“I sometimes read them.”
“Stories in general—not yours.”
Some of the jurors laughed. Against a sombre background humor shows high lights. Soldiers in the intervals of battle laugh easily, and a jest in the death chamber conquers by surprise.
“Relate the circumstances of this man’s death,” said the coroner. “You may use any notes or memoranda that you please.”
The witness understood. Pulling a manuscript from his breast pocket he held it near the candle, and turning the leaves until he found the passage that he wanted, began to read.
“…The sun had hardly risen when we left the house. We were looking for quail, each with a shotgun, but we had only one dog. Morgan said that our best ground was beyond a certain ridge that he pointed out, and we crossed it by a trail through the chaparral. On the other side was comparatively level ground, thickly covered with wild oats. As we emerged from the chaparral, Morgan was but a few yards in advance. Suddenly, we heard, at a little distance to our right, and partly in front, a noise as of some animal thrashing about in the bushes, which we could see were violently agitated.
“‘We’ve started a deer,’ said. ‘I wish we had brought a rifle.’
“Morgan, who had stopped and was intently watching the agitated chaparral, said nothing, but had cocked both barrels of his gun, and was holding it in readiness to aim. I thought him a trifle excited, which surprised me, for he had a reputation for exceptional coolness, even in moments of sudden and imminent peril.
“‘O, come!’ I said. ‘You are not going to fill up a deer with quail-shot, are you?’
“Still he did not reply; but, catching a sight of his face as he turned it slightly toward me, I was struck by the pallor of it. Then I understood that we had serious business on hand, and my first conjecture was that we had ‘jumped’ a grizzly. I advanced to Morgan’s side, cocking my piece as I moved.
“The bushes were now quiet, and the sounds had ceased, but Morgan was as attentive to the place as before.
“‘What is it? What the devil is it?’ I asked.
“‘That Damned Thing!’ he replied, without turning his head. His voice was husky and unnatural. He trembled visibly.
“I was about to speak further, when I observed the wild oats near the place of the disturbance moving in the most inexplicable way. I can hardly describe it. It seemed as if stirred by a streak of wind, which not only bent it, but pressed it down—crushed it so that it did not rise, and this movement was slowly prolonging itself directly toward us.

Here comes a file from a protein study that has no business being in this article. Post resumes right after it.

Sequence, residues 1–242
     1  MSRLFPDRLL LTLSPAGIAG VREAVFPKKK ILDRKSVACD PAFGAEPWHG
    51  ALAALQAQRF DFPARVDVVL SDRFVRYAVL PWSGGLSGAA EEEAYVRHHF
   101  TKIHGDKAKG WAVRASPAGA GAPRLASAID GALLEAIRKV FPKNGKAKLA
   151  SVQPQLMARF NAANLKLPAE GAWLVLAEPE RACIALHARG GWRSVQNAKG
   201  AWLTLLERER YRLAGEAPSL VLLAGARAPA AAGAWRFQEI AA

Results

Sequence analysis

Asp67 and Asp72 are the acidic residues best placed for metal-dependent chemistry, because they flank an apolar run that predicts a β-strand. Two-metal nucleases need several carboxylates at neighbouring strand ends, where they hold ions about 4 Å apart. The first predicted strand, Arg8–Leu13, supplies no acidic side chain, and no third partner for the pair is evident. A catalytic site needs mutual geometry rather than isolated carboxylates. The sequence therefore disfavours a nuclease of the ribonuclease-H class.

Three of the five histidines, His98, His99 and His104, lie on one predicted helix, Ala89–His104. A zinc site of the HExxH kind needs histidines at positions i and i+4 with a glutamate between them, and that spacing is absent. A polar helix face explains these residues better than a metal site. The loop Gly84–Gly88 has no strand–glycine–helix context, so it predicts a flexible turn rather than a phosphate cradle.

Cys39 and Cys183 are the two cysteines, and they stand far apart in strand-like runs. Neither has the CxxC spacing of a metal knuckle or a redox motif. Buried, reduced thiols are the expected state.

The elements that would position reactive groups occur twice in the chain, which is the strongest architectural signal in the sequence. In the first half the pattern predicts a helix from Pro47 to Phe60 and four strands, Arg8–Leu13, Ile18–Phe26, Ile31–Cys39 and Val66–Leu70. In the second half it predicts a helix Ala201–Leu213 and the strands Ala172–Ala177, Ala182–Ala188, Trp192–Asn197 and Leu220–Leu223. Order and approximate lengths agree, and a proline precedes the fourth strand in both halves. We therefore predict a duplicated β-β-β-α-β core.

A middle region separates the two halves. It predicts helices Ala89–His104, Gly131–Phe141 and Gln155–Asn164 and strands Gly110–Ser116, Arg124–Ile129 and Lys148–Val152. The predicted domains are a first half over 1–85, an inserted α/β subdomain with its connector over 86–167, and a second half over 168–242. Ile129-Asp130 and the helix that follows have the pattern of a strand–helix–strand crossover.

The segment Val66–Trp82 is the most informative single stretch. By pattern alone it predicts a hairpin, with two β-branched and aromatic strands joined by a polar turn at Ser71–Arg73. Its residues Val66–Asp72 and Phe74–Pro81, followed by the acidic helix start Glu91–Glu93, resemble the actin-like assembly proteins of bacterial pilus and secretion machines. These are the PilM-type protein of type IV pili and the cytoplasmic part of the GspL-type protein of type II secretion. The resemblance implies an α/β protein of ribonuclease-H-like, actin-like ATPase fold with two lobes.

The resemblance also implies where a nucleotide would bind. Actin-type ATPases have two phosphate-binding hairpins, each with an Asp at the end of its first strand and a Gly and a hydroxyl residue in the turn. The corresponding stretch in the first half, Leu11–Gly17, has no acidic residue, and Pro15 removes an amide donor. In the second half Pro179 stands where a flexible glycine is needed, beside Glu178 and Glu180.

“Nothing that I had ever seen had affected me so strangely as this unfamiliar and unaccountable phenomenon, yet I am unable to recall any sense of fear. I remember—and tell it here because, singularly enough, I recollected it then—that once, in looking carelessly out of an open window, I momentarily mistook a small tree close at hand for one of a group of larger trees at a little distance away. It looked the same size as the others, but, being more distinctly and sharply defined in mass and detail, seemed out of harmony with them. It was a mere falsification of the law of aerial perspective, but it startled, almost terrified me. We so rely upon the orderly operation of familiar natural laws that any seeming suspension of them is noted as a menace to our safety, a warning of unthinkable calamity. So now the apparently causeless movement of the herbage, and the slow, undeviating approach of the line of disturbance were distinctly disquieting. My companion appeared actually frightened, and I could hardly credit my senses when I saw him suddenly throw his gun to his shoulders and fire both barrels at the agitated grass! Before the smoke of the discharge had cleared away I heard a loud savage cry—a scream like that of a wild animal—and, flinging his gun upon the ground, Morgan sprang away and ran swiftly from the spot. At the same instant I was thrown violently to the ground by the impact of something unseen in the smoke—some soft, heavy substance that seemed thrown against me with great force.
“Before I could get upon my feet and recover my gun, which seemed to have been struck from my hands, I heard Morgan crying out as if in mortal agony, and mingling with his cries were such hoarse savage sounds as one hears from fighting dogs. Inexpressibly terrified, I struggled to my feet and looked in the direction of Morgan’s retreat; and may heaven in mercy spare me from another sight like that! At a distance of less than thirty yards was my friend, down upon one knee, his head thrown back at a frightful angle, hatless, his long hair in disorder and his whole body in violent movement from side to side, backward and forward. His right arm was lifted and seemed to lack the hand—at least, I could see none. The other arm was invisible. At times, as my memory now reports this extraordinary scene, I could discern but a part of his body; it was as if he had been partly blotted out—I can not otherwise express it—then a shifting of his position would bring it all into view again.